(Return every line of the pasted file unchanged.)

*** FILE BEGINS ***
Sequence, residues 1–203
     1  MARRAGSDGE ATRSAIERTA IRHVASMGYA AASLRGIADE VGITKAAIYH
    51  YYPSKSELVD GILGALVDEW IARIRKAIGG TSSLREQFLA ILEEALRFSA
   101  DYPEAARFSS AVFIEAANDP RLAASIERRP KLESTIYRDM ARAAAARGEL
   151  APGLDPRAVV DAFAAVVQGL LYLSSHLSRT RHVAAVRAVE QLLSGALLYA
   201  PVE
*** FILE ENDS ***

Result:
Sequence, residues 1–203
     1  MARRAGSDGE ATRSAIERTA IRHVASMGYA AASLRGIADE VGITKAAIYH
    51  YYPSKSELVD GILGALVDEW IARIRKAIGG TSSLREQFLA ILEEALRFSA
   101  DYPEAARFSS AVFIEAANDP RLAASIERRP KLESTIYRDM ARAAAARGEL
   151  APGLDPRAVV DAFAAVVQGL LYLSSHLSRT RHVAAVRAVE QLLSGALLYA
   201  PVE